Summer 2022 – The Great Comeback?


September 27, 2022

Leading major live event operators provide their perspectives on one of the busiest and most demanding summer events seasons anyone can remember, and how next year a careful balance will have to be struck between meeting costs and maintaining affordable ticket prices.

In February, Association of Independent Festivals (AIF) CEO Paul Reed warned the festival season would see operators experience a ‘perfect storm’ created by the supply chain crisis, workforce shortages and the impact of Brexit, but while there have been casualties, other event operators have experienced record years.

“There’s no question the appetite for events is there but there are significant challenges in the economics.” ­– R&A executive director Johnnie Cole-Hamilton

In Scotland, Live Nation-owned DF Concerts sold more than 1 million tickets across 33 outdoor summer shows to generate around £72m for the country’s economy.

AEG Presents had a record year with an attendance of around 350,000 across six All Points East shows, while a 50% increase in the number of its BST Hyde Park dates led to 530,000 tickets being sold.

During Glastonbury festival weekend in June more than 1 million people attended major music shows across the UK, and over the August bank holiday weekend it was 3 million.

Meanwhile, the success of huge sporting events including the Birmingham 2022 Commonwealth Games, the UEFA Women’s EURO 2022 and The 150th Open at the Royal and Ancient Golf Club of St Andrews played a major role in helping the UK avoid recession.

Johnnie Cole-Hamilton (pictured), executive director championships at The R&A, who oversaw The 150th Open, says the event contributed around £200m to the UK economy. Understandably, he is proud of what was achieved.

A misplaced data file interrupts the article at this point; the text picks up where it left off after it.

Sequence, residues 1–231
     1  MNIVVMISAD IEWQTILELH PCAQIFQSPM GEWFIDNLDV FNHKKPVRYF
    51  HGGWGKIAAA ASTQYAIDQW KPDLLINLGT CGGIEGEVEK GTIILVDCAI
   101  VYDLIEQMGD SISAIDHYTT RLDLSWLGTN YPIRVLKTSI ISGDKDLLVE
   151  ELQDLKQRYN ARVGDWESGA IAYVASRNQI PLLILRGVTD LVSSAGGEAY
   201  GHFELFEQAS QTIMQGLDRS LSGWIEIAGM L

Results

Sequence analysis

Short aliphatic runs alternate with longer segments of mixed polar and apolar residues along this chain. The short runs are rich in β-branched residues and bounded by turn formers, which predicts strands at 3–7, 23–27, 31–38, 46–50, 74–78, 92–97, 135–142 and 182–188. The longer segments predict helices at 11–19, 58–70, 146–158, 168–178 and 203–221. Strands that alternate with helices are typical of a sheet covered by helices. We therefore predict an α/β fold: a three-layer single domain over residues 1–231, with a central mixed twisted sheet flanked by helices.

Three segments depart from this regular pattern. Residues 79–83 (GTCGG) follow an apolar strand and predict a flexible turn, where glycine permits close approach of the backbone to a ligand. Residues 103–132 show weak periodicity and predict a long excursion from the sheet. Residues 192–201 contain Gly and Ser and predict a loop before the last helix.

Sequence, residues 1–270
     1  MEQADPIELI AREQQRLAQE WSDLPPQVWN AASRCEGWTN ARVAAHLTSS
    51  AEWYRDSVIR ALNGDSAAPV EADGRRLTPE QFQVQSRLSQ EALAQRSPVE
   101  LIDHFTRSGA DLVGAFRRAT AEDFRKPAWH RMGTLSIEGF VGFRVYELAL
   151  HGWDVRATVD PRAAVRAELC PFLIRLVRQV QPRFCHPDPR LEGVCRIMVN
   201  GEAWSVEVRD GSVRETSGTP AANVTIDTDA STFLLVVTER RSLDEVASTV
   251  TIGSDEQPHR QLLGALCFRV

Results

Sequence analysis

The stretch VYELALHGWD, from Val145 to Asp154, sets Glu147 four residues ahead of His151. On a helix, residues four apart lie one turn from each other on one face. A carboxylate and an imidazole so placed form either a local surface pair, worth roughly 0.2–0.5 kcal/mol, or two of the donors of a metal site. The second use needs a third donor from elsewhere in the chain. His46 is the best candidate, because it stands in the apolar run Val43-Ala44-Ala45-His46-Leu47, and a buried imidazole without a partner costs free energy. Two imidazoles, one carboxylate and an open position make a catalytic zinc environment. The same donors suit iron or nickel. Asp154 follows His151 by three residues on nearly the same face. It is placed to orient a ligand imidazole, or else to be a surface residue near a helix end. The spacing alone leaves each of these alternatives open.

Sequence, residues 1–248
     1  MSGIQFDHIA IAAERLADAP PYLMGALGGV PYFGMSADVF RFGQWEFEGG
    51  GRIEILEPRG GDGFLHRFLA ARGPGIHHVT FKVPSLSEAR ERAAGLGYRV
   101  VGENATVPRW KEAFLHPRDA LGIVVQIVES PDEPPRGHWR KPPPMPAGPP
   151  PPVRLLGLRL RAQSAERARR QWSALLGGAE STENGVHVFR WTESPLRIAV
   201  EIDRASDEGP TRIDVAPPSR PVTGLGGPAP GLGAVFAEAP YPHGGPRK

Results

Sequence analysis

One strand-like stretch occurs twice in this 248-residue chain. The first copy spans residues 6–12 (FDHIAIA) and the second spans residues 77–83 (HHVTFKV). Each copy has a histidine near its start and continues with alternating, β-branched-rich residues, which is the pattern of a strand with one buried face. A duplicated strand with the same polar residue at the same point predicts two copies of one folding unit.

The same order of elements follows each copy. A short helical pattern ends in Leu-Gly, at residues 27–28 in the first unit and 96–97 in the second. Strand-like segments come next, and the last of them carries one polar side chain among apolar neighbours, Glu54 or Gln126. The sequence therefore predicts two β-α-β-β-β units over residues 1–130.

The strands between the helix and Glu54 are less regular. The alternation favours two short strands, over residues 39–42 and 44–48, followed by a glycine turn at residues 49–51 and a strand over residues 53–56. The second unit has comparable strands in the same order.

“We handled a record crowd of 292,000, which was way beyond the previous record of 239,000 – we’re talking about having three times the population of St Andrews descending on a daily basis and having to look after them on a 450-acre site. So, it was clearly the largest infrastructure we’ve ever put together, and the most commercially successful event yet.”

Many independent festivals also fared well, with the likes of Green Man, Boomtown, End of the Road and Glastonbury selling out.

AEG Presents CEO of European festivals Jim King (pictured) says the company went from staging 12 festival show days in 2019 to 23 this year, as well as stadium dates. He says he was hugely impressed by the hard work achieved by a team that had seen its workflow cut off entirely during the pandemic.

“There was obviously the impact of the pandemic on the supply chain to deal with but also the challenges around our team returning full time after such a long break, and having to deal with a quantity of work that had increased substantially from pre pandemic,” says King. “It was a huge increase in shows, and obviously the calibre of artists we were working with meant the production requirements were at a very high level.”